TFSA Investors: 1 TSX Tech Stock to Buy for Wealth Creation

Here’s why Enghouse Systems (TSX:ENGH) is one TSX tech stock every TFSA investor should check out today.

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There are many ways to create wealth today, including starting and owning a new business. That route will take all your time, require your entrepreneurial genius, and will be too risky a venture. But adding this TSX tech stock into a TFSA investment account could make you rich more easily instead.

What if you could buy a stake into a tried and tested, internationally established business with a proven track record of revenue growth, high-profit margins, and healthy cash flows?

Enghouse Systems (TSX:ENGH) stock offers all of the desirable investment attributes mentioned above. The Canadian tech growth stock could help compound your wealth in a Tax-Free Savings Account (TFSA). I remain bullish on the stock since my last recommendation in December 2019.

Why TFSA investors should buy Enghouse Systems’s stock

TFSA investors should consider buying Enghouse Systems stock today, even during a period of elevated COVID-19 pandemic uncertainty. The company’s business moats, growth strategy execution, and financial structure make it a prime investment target for growth-oriented investors.

It’s an ever-growing business.

ENGH provides enterprise software solutions focusing on remote work, visual computing, and modern communications networks.

The company saw a growing demand for its products and services during the COVID-19 pandemic, as companies struggled to set up efficient and secure work-from-home solutions during lockdowns. Sales of solutions that support remote work, including Vidyo, the company’s remote conferencing and telehealth/financial services video platform, and the company’s remote computing solutions saw strong demand during the last quarter.

During the most recently closed fiscal second quarter to April 30, revenue grew by 58% year over year to $140.9 million. Gross margins expanded to 71.8% from 69.2% last year — the highest-ever reading in eight quarters. Operating income was 78.3% higher, and net income jumped 63.8% to $27.1 million.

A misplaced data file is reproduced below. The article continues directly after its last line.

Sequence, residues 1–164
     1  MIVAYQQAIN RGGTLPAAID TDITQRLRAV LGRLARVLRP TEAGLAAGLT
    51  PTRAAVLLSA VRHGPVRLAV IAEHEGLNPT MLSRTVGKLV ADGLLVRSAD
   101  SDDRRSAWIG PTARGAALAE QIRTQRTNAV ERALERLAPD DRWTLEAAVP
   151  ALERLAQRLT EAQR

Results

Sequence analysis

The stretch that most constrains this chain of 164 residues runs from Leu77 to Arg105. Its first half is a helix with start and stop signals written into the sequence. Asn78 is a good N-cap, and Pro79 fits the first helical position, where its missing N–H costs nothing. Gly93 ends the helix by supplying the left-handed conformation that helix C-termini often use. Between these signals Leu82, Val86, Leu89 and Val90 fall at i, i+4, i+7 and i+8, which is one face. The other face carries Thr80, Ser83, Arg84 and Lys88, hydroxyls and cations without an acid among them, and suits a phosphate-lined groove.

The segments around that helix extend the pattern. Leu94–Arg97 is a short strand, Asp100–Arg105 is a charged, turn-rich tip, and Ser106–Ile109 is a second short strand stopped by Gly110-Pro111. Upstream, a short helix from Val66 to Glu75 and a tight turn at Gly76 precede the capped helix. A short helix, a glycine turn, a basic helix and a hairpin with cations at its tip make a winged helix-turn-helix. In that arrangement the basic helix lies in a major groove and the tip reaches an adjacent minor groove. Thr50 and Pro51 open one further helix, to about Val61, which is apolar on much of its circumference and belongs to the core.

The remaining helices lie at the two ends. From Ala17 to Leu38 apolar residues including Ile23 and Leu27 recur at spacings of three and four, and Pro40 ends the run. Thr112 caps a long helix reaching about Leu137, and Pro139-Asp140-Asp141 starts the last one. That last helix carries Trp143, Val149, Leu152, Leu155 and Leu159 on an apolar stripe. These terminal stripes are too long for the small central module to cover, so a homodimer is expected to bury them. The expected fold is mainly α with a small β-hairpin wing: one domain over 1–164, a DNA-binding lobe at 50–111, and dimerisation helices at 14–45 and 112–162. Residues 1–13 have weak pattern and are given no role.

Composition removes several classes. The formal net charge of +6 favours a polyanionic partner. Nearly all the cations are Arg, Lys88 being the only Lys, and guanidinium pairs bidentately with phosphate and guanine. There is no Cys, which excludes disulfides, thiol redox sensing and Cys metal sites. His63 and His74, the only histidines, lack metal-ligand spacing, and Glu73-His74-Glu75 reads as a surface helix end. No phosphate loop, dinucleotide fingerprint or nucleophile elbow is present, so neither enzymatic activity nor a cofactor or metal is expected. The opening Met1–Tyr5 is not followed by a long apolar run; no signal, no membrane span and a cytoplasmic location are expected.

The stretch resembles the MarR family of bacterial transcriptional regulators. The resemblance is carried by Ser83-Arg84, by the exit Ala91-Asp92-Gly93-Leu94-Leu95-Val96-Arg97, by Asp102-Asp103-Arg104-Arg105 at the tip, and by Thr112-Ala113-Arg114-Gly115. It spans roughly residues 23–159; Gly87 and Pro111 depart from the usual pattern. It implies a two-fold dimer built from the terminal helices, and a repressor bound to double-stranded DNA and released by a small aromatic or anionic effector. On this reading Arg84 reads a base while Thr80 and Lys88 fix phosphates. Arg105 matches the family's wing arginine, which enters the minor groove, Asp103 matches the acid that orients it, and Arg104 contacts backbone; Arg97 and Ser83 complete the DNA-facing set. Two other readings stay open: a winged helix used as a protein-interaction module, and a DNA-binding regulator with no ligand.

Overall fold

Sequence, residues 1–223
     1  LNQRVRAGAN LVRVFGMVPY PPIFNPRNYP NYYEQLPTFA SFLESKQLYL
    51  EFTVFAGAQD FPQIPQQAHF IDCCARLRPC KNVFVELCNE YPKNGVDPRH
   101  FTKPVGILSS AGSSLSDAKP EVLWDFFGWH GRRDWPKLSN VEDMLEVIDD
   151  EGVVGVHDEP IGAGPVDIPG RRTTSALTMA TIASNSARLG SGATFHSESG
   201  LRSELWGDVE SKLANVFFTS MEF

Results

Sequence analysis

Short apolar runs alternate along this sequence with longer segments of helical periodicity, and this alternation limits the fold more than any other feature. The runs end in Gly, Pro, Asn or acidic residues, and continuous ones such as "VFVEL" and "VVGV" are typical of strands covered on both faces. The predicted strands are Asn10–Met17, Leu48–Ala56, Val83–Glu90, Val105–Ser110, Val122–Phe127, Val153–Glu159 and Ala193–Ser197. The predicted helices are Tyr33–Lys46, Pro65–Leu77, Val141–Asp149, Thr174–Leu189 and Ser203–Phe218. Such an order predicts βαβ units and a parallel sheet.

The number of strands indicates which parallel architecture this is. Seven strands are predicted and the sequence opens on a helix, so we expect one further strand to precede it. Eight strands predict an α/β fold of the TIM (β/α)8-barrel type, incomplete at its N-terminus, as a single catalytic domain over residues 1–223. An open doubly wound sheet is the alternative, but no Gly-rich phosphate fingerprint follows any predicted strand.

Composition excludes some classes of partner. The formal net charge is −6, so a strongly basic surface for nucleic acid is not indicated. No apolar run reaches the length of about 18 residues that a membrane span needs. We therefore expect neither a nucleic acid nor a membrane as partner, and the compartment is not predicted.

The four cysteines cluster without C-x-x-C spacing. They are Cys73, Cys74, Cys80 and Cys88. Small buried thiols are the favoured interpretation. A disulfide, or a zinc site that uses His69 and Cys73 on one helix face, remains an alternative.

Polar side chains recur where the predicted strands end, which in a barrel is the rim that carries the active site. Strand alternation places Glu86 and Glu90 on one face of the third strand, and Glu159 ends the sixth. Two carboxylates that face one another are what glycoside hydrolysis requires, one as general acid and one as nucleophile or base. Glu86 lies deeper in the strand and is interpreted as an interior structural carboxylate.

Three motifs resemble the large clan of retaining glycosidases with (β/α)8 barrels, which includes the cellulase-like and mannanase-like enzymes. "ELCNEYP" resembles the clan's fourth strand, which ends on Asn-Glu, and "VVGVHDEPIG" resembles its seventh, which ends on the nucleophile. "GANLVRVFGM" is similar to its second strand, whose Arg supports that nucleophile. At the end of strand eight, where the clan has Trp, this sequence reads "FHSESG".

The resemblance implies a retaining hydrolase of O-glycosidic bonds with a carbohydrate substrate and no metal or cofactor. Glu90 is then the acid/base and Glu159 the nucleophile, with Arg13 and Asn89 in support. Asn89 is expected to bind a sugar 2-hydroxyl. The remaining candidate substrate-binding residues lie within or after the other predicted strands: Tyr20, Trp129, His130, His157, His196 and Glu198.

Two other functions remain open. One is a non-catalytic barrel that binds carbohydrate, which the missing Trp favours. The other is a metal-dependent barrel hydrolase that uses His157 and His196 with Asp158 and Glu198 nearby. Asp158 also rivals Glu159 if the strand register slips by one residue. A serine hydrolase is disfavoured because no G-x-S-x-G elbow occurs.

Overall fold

An expansion in operating margins from 29.8% to 32.8% for the last quarter meant better cash flow generation for an already cash-rich business. Operating cash flows more than doubled during the past quarter to $57.5 million. Even better, the business reported its best-ever adjusted EBITDA margin of 35% during the most recent quarter.

A cash-rich business with a self-sustaining growth strategy

ENGH’s healthy margins allow the company to generate positive cash flows every quarter. The company’s cash and cash equivalents balances keep growing back up after acquisitions every year. Cash is of great importance to Enghouse Systems. It oils the TSX tech growth company’s acquisitions-led growth strategy.

The company self-funds its cash acquisitions from internally generated funds. It buys up small tech firms at favourable valuations, and smoothly integrates them into the fold. Most acquisitions are accretive to operating earnings margins right at the onset, thanks to an experienced management team that knows how to tweak and transform formerly ailing new acquisitions into profitable entities in weeks.

A migration from one-time licence sales to recurring cloud-based revenue caused some turbulence in recent years. However, the company is enjoying organic growth now. New acquisitions also bring in new products into the company’s portfolio, aiding organic growth.

Foolish bottom line

Enghouse Systems operates the kind of business that a growth-oriented investor would want to own. The company’s growth strategy is internally funded, and there’s minimal leverage risk on its balance sheet. There was an $839 thousand long-term loan balance on its $743 million balance sheet by April.

Shares in the TSX tech stock have risen over 45% so far this year. Perhaps the surge may scare new investors away due to valuation fears. However, businesses that remain resilient during economic crises are justifiably expensive to buy.

This article represents the opinion of the writer, who may disagree with the “official” recommendation position of a Motley Fool premium service or advisor. We’re Motley! Questioning an investing thesis — even one of our own — helps us all think critically about investing and make decisions that help us become smarter, happier, and richer, so we sometimes publish articles that may not be in line with recommendations, rankings or other content.

Fool contributor Brian Paradza has no position in any of the stocks mentioned. The Motley Fool recommends Enghouse Systems Ltd.

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